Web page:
Useful Powershell stuff

Group objects into batches of X items with a constructed property, credit to Dave Wyatt:

$bigList = 1..1000
$counter = [pscustomobject] @{ Value = 0 }
$groupSize = 100
$groups = $bigList | Group-Object -Property { [math]::Floor($counter.Value++ / $groupSize) }

Use “PipelineVariable” to pass data down the pipeline rather than using a foreach:

Get-ADUser <username> -PipelineVariable user -Properties memberof |
    Select-Object -ExpandProperty memberof |
        Select-Object @{ n = ‘Name’; e = { $user.Name }}, @{ n = ‘MemberOf’ ; e = { $PSItem -replace ‘CN=|,(OU|CN)=.+’ }}

Also if a cmdlet does not support -pipelineVariable you can pass it to Where-Object

Get-Mailbox -ResultSize Unlimited | Where-Object {$true} -PipelineVariable mbx | whatever

Convert a list of strings into a single line string delimited by quotes and separated by commas, suitable for using in a “IN” statement in SQL/SOQL

$ids is a list of ID strings
$idsString = $ids -replace “(\w+)",‘‘‘$1’''  -join ‘,‘
or if it’s one large string separated by line breaks (e.g. copied from a spreadsheet):
$idsString = ($ids -replace “(\w+)",‘‘‘$1’'').Split(“n") -join ','<br /><br />-----<br />Print a line<br />'_' * 100<br /><br />Prevent null references, incorrect syntax usage, unnamed variables:<br />Set-StrictMode -Version Latest<br /><br />Creating a new instance of a .net framework object<br />New-Object TypeName "System.Diagnostics.Stopwatch"<br />Or more simply, New-Object System.Diagnostics.Stopwatch<br />Because it's a string, don't use the type name in angle brackets like PS normally would<br /><br />To view absolutely everything that's happening internally in the powershell pipeline for a particular scriptblock:<br />Trace-Command -Name * -Expression {Get-Service winrm | Restart-Service} -PSHost<br /><br />Add a calculated property to a list of objects, along with all the other properties:<br />&nbsp; &nbsp; Select *,@{Name="ExtraField"; Expression={$_.SomeValue+1}}, @{Name="Whatever"; Expression={"Some string"}}<br /><br />Get a list of drives, including network drives and their UNC paths (like with "net use"):<br />&nbsp; &nbsp; Get-WmiObject -Class win32_logicaldisk<br /><br />Get previous session history with "get-history"<br />Run a previous command without pushing up 1000 times with "invoke-history"<br /><br />csi = C# interactive (custom alias)<br /><br />Formatting:<br />get a list of every property and value for an object:<br />&nbsp; &nbsp; $whatever | Format-List<br />Prevent output from truncating:<br />&nbsp; &nbsp; Format-Table -AutoSize -Wrap<br /><br />Redirection:<br />&amp; { blah } 1 &gt; $null&nbsp; &nbsp; - suppress standard output from executing "blah". <a href="" target="_blank">More info</a><br />$var = &amp; Do-Stuff *&gt;&amp;1&nbsp; - redirect all output to standard output and store that in $var<br />&amp; { whatever } 2&gt;$null 3&gt;$null - redirect error and warning streams<br /><br />Output:<br />get-content .\somefile -Wait&nbsp; - tail-like behaviour, displays additions to the file<br />get-content | more&nbsp; - allows paging of output<br /><br />Getting a count of duplicated things:<br />$whatever | group FieldToGroup | where Count -gt 1 | sort Count -Descending | select Name, Count<br /><br />set-clipboard (scb) - sets the contents of the clipboard to whatever is pasted in.&nbsp; Useful with sls for non-powershell commands that output text that you have to use in another command<br /><br />Delimiters<br />t - tab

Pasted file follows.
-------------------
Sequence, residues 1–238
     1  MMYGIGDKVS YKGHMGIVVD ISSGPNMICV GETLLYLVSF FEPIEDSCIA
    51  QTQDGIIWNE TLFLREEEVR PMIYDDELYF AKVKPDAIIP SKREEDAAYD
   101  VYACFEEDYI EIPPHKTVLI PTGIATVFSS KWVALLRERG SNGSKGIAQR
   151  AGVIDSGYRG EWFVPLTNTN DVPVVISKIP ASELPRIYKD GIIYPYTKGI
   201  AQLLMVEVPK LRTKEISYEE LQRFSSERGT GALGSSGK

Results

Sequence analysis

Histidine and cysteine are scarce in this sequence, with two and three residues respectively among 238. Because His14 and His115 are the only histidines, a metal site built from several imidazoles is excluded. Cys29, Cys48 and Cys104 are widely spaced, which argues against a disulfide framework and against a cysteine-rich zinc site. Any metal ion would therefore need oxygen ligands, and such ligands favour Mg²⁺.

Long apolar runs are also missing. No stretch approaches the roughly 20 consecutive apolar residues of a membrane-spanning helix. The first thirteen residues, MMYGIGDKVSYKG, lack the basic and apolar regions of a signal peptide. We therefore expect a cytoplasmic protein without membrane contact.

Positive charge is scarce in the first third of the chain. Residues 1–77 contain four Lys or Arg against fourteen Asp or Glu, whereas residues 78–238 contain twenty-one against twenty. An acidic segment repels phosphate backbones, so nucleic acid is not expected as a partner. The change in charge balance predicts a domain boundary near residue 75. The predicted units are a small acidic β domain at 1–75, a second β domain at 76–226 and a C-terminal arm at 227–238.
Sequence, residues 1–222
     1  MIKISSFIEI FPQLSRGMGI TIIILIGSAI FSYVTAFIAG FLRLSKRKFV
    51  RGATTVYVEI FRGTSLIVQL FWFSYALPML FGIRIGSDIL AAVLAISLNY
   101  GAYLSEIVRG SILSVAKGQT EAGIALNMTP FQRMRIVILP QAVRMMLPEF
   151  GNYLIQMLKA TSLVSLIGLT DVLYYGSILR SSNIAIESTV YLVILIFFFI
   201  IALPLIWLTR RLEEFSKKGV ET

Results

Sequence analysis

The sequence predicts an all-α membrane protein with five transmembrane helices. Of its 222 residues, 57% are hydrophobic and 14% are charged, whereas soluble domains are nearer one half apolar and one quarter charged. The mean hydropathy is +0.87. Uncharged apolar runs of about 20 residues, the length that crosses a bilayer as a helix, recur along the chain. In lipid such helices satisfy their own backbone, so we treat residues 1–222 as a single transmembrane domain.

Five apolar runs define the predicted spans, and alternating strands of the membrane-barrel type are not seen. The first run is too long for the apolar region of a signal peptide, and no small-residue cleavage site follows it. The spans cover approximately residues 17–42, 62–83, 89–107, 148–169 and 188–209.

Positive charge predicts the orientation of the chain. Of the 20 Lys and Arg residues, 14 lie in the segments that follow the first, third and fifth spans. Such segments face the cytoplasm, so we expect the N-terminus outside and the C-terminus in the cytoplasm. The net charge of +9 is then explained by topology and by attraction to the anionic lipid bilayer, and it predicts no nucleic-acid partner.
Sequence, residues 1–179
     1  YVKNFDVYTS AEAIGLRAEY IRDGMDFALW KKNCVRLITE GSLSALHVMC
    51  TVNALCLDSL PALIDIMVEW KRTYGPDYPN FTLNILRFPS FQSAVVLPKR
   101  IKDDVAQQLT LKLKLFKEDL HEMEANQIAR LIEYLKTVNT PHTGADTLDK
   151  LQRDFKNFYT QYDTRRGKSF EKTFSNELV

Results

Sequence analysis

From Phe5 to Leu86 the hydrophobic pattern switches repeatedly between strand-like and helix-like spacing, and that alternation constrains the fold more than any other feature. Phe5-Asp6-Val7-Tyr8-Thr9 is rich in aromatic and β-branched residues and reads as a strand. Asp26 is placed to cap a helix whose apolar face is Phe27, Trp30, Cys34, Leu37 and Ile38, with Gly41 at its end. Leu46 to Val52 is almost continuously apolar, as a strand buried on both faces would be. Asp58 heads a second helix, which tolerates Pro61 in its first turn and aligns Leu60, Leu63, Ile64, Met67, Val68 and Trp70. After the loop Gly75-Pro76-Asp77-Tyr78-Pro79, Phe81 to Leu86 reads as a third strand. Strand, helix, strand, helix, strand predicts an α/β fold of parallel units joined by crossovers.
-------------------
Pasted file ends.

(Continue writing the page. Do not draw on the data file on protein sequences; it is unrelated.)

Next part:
When using delimiters with “Import-Csv -Delimiter”, make sure not to surround them with quotes

cd env:    gets environment vars
get-psprovider    lists providers
get-psdrive    lists drives
get-module -listavailable    lists all available modules

hashtable of variables for passing in parameters
$parameters = @{
    ‘param1’ = $value1
    ‘param2’ = $value2

Run-SomeCmdlet @parameters     <- notice the @ symbol, not $

write-verbose lines in a function only write if a -verbose flag was provided to the function

@($a) forces $a to be in an array

use regexes with “where” with the “match” operator:
    gci | where name -match ‘\d{2}‘

rename properties for a select:
        ps | select @{Name='Title’;Exp={$_.ProcessName}}

select-string (alias: sls)
    very useful for selecting strings from a whole bunch of string-based output
    works like grep in linux
        ipconfig | sls subnet

To use IIS stuff:
    Import-Module WebAdministration
open IIS drive and navigate to a website:
    cd IIS:<br />    cd sites\sitename

Get a list of every module
    Get-Module -ListAvailable
Find a module based on name
    Get-Module *web*
Find all commands in a module
    Get-Command -Module WebAdministration

get current item members:
    gi . | gm
recycle an app pool by navigating to it
    cd IIS:\AppPools\somewebsite
    (gi .).Recycle()
or also in one line:
    (gi IIS:\AppPools\somewebsite).Recycle()

ii (invoke-item)
    performs the default action on an item, e.g. opens a file using a program

-join operator, joins strings together
    when used first (unary), joins without delimiting
        -join (“asdf”, “qwer”) #outputs asdfqwer
    when used as a binary operator, allows a delimiter
        (“asdf”, “qwer”) -join ‘-’ #outputs asdf-qwer

-replace operator, using regex to replace strings
    replace pairs of html tags with <small>:
        $foo = $foo -replace ‘<(/)?\w+>', ‘<$1small>‘

searching application event log for a particular guid:
    Get-EventLog -logname application | where {$_.Message -ilike “*6CD27361-D038-E611-9B7F-005056956605*") } | select message